Bill obliges lawyers to suggest mediation to clients

Fitzgerald’s legislation aims to cut legal costs and speed up process of dispute resolution

 Minister for Justice Frances Fitzgerald: her legislation requires solicitors to give their clients specific advice  about available mediation services before they opt for court proceedings.  Photograph: Gareth Chaney Collins

Minister for Justice Frances Fitzgerald: her legislation requires solicitors to give their clients specific advice about available mediation services before they opt for court proceedings. Photograph: Gareth Chaney Collins

 

Lawyers will be obliged to advise their clients to consider the use of mediation before they opt for court proceedings under legislation introduced in the Dáil by Tánaiste and Minister for Justice Frances Fitzgerald.

The Mediation Bill, which is intended to cut legal costs and time spent resolving disputes, requires solicitors to give their clients specific advice and information about available mediation services before they opt for court proceedings.

The legislation will also apply to barristers “if and when in future they are permitted to issue proceedings directly on behalf of clients”, the Minister said.

And lawyers will have to make a statutory declaration to the court that they discharged their duty under the legislation. “We must be absolutely clear that those who could benefit from mediation will be told this by a solicitor, or in future, by a barrister,” Ms Fitzgerald said.

The Bill provides for the development of a mediation council if in the future various bodies involved in mediation come together and satisfy the Minister that they can do the work of regulation.

Promote mediation

Ms Fitzgerald said the Bill’s aim “is to promote mediation as a viable, effective and efficient alternative to court proceedings, thereby reducing legal costs, speeding up the resolution of disputes and relieving the stress and acrimony which as we know often accompanies court proceedings”.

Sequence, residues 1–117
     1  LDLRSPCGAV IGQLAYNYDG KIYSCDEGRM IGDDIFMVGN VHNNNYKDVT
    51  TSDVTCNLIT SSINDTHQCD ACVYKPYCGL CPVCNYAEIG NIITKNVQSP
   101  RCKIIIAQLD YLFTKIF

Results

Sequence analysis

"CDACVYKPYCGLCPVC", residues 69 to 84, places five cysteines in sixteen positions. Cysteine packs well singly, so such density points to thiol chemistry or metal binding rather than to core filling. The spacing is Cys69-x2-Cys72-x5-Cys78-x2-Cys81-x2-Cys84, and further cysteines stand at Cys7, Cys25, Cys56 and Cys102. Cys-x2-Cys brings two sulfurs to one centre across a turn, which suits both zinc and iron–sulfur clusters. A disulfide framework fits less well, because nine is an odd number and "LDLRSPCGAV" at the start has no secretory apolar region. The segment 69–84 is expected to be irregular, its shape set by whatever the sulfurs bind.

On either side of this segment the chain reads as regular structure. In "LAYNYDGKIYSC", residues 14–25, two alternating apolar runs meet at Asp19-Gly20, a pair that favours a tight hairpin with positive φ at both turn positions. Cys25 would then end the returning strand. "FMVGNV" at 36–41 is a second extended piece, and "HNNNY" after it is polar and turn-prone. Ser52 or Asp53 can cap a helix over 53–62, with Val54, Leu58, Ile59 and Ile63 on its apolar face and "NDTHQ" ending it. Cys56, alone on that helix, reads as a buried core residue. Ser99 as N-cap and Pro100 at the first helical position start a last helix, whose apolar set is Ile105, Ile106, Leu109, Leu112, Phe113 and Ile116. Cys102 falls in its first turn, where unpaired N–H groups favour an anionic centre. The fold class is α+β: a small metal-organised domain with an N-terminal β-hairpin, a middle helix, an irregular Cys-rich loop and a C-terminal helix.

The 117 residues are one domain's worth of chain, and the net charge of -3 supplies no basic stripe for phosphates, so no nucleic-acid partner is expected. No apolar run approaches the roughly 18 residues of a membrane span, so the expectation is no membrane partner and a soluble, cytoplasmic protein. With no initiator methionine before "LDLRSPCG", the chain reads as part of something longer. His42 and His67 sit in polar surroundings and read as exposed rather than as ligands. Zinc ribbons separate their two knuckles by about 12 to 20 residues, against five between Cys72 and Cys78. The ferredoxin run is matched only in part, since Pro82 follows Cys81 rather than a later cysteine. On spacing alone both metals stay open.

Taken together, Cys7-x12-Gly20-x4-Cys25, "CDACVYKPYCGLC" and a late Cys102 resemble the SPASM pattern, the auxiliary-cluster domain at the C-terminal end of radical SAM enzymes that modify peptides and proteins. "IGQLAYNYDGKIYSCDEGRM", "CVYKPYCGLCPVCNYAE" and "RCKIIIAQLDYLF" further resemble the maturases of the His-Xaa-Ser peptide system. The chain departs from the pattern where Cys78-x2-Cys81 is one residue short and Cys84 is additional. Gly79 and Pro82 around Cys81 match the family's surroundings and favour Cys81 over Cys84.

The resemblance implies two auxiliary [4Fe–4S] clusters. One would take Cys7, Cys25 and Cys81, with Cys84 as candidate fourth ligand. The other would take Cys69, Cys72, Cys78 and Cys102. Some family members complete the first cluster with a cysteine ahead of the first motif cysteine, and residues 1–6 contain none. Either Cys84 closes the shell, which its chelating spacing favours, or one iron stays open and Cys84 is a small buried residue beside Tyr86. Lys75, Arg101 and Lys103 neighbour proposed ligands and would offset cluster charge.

The Minister stressed that mediation would remain a voluntary process although a court could recommend it and court proceedings could be set aside if litigants participate in the mediation.

She defined it as “a facilitative voluntary process in which the parties to a dispute with the assistance of a mediators, attempt to reach a mutually acceptable agreement to resolve their dispute”.

The legislation will, however, not apply to disputes in certain areas such as those covered by the Workplace Relations Commission, or matters under tax and customs legislation.

It will also exclude childcare, domestic violence, judicial review and proceedings against the State dealing with alleged infringements of human rights.

Ms Fitzgerald said these were areas “where we feel it is not appropriate for mediation to be used”.

Intervened

In addition to being a voluntary process, the parties themselves determine the outcome of the mediation process. In exceptional cases a mediator may make proposals for the resolution of the dispute, with the agreement of all parties.

Ms Fitzgerald told the Dáil that more than 20 years ago, the National Women’s Council, of which she was then chairwoman, operated a “fledgling mediation service under Maura Wall Murphy and the government of the day intended to abolish it”.

The Tánaiste said she intervened and “ensured it was allowed to continue and we have seen its progress over the years”.

She added: “It gives me particular personal satisfaction to bring forward the Bill today.”

The Minister said she believed it “has a vital role to play in reducing stress levels for people involved in various disputes and in providing a speedier, more efficient and less costly alternative to going to court”.

Debate on the legislation continues.